Last year, they had a contest to think up a new motto and, after some civic thought, decided to keep "Cows, Colleges, and Contentment."
So as we veer rhetorically toward the apocalypse, as various social prophets mutter direly about the growth of the underclass, the unraveling of the social fabric, the brutalization of consciousness and other pesky problems, you'll be happy to know that somewhere the sun is shining, somewhere the skies are bright, somewhere the children laughing, etc.
In Northfield, Minnesota, for one.
Having just survived a heavy dose of apocalyptic rhetoric the other night in New York City, I was especially glad to land where all the children are above average.
Not that Minnesota is problem-free: on the front page of Friday's Minneapolis Star Tribune, we find enumerated three certifiable cases in which the Monied Special Interests have triumphed over the Will of the People in Minnesota in recent years.
Three, count 'em--on the fingers of one hand.
The proximate cause of the current bout of apocalyptic analysis is that this year is the 50th anniversary of practically everything. As such, it's a handy vantage point for surveying as depressing a half-century of history as recorded time can offer.
The last half of the 20th century is never going to rank as a humanist high point; the fact that it was supposed to be The American Century is only further cause for depression.
It started with a Holocaust. Have you heard the interviews with the soldiers who first liberated Dachau? And it is ending with two more, Rwanda and Bosnia, about which no one is doing much of anything.
In between, we've spent 50 years in denial about Hiroshima and Nagasaki, managed to get involved in a 10-year war we now acknowledge was "terribly wrong," and built enough nuclear weapons to blow up the Earth and everyone on it several times over.
We can't even sit around and gloat about the Soviets because they've disbanded themselves.
If it weren't for the automatic teller machine and the self-cleaning garlic press, we'd have no evidence of progress at all--and I know people who think ATMs are part of a plot to prevent people from getting to know one another.
As an inoperable optimist, I hate arguing optimism vs. pessimism, especially with people who are well-informed. Let's face it: the evidence is always on the side of the pessimists.
In fact, one of the few pro-optimism arguments that works is to point out that things can always get worse, which means we should be cheerful right now, because now will eventually turn out to be the Good Old Days.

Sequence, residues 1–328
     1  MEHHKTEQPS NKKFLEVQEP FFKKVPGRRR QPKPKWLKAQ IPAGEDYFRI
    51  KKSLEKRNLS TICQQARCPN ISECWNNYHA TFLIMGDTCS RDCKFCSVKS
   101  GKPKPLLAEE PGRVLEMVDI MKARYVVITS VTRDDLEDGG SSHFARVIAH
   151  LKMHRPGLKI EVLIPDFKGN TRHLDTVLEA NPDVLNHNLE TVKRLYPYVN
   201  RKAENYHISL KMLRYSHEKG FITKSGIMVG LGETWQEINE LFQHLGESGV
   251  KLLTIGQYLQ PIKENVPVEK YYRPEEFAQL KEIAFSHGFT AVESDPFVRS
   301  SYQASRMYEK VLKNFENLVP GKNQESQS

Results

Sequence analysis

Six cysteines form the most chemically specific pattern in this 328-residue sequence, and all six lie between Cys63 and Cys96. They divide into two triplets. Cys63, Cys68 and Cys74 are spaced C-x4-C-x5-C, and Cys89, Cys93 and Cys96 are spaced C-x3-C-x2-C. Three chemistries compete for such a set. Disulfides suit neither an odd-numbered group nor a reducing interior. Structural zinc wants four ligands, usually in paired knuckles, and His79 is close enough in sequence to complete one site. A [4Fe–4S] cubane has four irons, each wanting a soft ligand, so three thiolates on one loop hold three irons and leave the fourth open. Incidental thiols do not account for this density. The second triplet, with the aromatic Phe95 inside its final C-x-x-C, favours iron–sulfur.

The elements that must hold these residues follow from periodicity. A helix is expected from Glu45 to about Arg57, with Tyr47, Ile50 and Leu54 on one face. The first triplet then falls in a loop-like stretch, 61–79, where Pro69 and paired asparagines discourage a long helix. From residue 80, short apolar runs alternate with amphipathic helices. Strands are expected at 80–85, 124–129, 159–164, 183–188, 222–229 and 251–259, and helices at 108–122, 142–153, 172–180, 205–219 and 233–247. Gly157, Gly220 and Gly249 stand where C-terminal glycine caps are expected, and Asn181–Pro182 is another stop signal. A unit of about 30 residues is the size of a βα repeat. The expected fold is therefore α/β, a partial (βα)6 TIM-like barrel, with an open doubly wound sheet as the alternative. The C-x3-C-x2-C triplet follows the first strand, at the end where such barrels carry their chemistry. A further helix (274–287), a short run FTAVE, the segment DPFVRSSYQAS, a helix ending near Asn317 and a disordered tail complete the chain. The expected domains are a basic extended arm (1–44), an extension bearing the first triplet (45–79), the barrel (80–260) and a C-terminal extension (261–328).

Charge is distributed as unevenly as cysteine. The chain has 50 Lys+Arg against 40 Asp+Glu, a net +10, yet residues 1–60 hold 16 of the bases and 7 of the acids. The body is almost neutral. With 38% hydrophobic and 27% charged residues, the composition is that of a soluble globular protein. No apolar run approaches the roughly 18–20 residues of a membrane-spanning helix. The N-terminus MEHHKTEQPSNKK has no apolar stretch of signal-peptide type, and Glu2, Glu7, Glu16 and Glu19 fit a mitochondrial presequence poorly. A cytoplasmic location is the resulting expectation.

Think how embarrassing it would be to have your children ask, "Dad, what did you do in the Good Old Days?"
"Well, child, I spent all my time sitting around gritching about how terrible everything was--didn't have any fun at all."
Going onto a college campus these days--or even facing a junior high audience, for that matter--involves some tricky juggling. Telling kids to go forth and change the world may not be fair. On the other hand, telling them they're bound to have a hard time and shouldn't get their hopes up is not a peppy message.
Katha Pollitt, the feminist sage, observes that it's rather a shame that Americans have had to shed so many illusions during the last 50 years, mostly illusions about our own innocence and power.
But she believes that it's a shame in the same sense that it's a shame that smoking causes cancer. It's too bad, but there it is. Are we not better off without illusions? Better off facing the very real limits on our national power and, God knows, certainly, the limits on our national innocence?
I suspect she's right; she often is. But I don't believe that recognizing the evil we have done in the course of our endless efforts to maintain our good opinion of ourselves means we must dislike ourselves.
Rather an alarming number of Americans already don't like their fellow Americans--with good cause, they would all maintain.
We seem to have gone from the old stereotype of Americans as fat, dumb, and happy to a new stereotype of fat, dumb, and unhappy.
After the bleak consideration of the last 50 years at the New York colloquium, one member of the audience was so depressed that she stood up and read Anne Frank's beautiful statement that ends, "I still believe that people are really good at heart."
"So look what happened to Anne Frank" is the obvious response.
God bless the child, but her death is enough to make anyone doubt that people are really good at heart. There is a kind of bitterness that one finds among Holocaust survivors that is unanswerable.
One of them, interviewed in the documentary Shoah and asked what was in his heart, said: "If you could open my breast and lick my heart, you would be poisoned and die from the bitterness of it."
They are entitled to their bitterness. The rest of us are not.
Molly Ivins is a columnist for the Fort Worth Star-Telegram. Copyright 1995, Creators Syndicate, Inc.